NASA’s SLS megarocket fails again in critical test and its trip to the Moon continues to be delayed

Bad news for plans The NASA and the dream of returning man to the Moon. The Space Launch System (SLS) mega rocket has failed again for the third time in a critical test.

According to what was reported on the website of Xatakathe SLS has stalled in a critical essay that consists of filling the fuel tanks and doing a launch sequence.

After three failed attempts, the US space agency is confident that this time it will be able to overcome this test that has delayed the expected launch of the mission Artemis 1which has the goal of returning humans to the Moon.

With Artemis, the agency seeks to bring American astronauts to our natural satellite for the first time in more than 50 years. The SLS is key to that, plus they need the rocket to build the Lunar Gateway, a small space station in orbit around the Moon.

In addition, NASA intends to use the megarocket to enable future manned trips to Mars. That and other missions are becoming more complicated in the future due to the cost overruns and delays that the SLS program has suffered.

This Saturday, June 18, the SLS rocket and the Orón capsule will begin ‘wet dress rehearsal’, from launch pad 39B at the Kennedy Space Center in Florida, according to a report from

What does the general wet test consist of?

The wet dress rehearsal will last two days and involves a large number of engineers and technicians in various locations on the launch pad.

The Kennedy Space Center Launch Control Center team will interface with the Mission Control Center at Johnson Space Center (Houston), Space Force East Field and the SLS Engineering Support Center (Alabama).

Once the countdown is running, fueling will startfollowing the same schedule that will be used on the day of the launch of Artemis I. At the same time, the controllers will test the different systems of the Orion rocket and spacecraft.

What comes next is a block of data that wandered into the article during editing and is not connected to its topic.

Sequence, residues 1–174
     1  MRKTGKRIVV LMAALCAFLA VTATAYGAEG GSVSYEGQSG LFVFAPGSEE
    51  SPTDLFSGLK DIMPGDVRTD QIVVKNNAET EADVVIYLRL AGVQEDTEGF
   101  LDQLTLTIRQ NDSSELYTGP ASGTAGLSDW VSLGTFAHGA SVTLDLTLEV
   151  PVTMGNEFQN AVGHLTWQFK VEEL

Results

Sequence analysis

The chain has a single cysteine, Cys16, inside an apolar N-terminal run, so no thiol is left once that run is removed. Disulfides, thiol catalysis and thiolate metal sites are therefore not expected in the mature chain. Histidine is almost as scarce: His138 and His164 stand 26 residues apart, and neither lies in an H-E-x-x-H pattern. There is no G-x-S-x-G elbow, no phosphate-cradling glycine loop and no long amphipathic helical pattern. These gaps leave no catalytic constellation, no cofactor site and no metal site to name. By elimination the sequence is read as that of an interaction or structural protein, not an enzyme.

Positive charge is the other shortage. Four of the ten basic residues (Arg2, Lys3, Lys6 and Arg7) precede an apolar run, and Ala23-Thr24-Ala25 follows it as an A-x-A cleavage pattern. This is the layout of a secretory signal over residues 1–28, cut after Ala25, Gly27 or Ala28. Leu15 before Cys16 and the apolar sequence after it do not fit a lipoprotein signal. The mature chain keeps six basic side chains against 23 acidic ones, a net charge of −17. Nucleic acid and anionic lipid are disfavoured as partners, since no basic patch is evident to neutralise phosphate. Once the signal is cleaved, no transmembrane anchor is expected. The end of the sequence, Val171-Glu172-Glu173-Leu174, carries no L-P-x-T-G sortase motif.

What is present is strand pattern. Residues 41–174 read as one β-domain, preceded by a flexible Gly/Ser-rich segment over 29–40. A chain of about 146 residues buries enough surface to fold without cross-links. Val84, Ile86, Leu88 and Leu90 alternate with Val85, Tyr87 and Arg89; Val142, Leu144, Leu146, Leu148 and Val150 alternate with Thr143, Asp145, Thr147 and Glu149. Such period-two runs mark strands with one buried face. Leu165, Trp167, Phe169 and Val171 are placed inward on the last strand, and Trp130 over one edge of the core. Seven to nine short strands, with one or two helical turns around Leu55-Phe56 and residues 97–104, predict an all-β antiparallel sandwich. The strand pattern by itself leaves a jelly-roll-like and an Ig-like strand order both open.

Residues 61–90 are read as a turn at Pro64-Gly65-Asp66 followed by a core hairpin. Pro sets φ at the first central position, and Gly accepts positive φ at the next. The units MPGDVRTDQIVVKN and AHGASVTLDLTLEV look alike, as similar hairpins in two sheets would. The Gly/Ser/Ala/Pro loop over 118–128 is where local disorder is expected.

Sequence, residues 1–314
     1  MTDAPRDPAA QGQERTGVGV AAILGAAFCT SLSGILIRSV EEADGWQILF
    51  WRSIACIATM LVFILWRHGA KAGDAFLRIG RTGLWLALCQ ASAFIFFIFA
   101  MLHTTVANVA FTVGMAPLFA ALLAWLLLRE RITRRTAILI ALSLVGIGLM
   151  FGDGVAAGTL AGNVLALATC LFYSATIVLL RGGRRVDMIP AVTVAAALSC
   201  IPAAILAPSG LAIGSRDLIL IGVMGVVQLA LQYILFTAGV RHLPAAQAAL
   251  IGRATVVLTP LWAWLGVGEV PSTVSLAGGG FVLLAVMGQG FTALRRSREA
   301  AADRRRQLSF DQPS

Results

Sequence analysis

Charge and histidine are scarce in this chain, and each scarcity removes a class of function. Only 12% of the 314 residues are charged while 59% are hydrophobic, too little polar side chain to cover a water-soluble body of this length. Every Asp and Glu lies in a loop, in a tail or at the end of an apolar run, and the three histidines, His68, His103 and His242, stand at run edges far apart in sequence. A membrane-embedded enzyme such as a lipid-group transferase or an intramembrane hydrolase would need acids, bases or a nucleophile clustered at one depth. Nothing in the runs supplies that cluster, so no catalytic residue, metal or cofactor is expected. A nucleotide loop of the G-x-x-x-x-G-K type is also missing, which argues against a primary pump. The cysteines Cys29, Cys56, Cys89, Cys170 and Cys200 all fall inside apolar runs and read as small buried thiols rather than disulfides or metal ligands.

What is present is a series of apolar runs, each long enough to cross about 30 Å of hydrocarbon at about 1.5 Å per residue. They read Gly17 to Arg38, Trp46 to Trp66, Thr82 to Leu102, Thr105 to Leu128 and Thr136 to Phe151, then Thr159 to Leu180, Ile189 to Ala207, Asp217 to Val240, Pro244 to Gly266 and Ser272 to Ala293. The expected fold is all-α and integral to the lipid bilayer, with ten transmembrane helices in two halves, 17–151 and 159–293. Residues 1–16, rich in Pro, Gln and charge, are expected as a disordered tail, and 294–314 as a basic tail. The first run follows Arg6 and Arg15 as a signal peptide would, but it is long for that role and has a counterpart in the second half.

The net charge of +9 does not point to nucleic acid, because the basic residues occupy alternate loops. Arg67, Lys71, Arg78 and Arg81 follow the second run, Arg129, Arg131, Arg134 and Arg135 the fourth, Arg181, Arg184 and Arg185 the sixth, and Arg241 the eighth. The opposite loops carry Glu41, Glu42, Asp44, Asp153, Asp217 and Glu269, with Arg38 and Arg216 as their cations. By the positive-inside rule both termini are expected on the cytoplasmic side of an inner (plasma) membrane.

The objective of the test is to test all phases of the launch, including weather reports, planned holding, conditioning, and refueling.

The general wet test includes stop the countdown 10 seconds before the simulated launch moment, that is, moments before the engines start. This test is of great importance because the flight director could decide not to proceed with an actual launch if a technical or weather problem arises.

Technically, NASA managed to complete some test objectives in previous attempts, but only managed to load 49 percent of the core-stage liquid oxygen fuel tank and 5 percent of the liquid hydrogen tank. This was due to a problem with a faulty check valve in the rocket’s upper stage and a hydrogen leak in the tail service mast.

If all goes well, the rocket and capsule will return to the Vehicle Assembly Building (VAB). There, the technicians will remove a series of sensors included specifically for the test and that are not necessary for the real mission and will carry out the final checks.

The next release window is between June 26 and August 10, period in which the SLS could take off, but experts like NASA associate administrator Jim Free believe it is too early. the next window starts on August 23 and ends on September 6.

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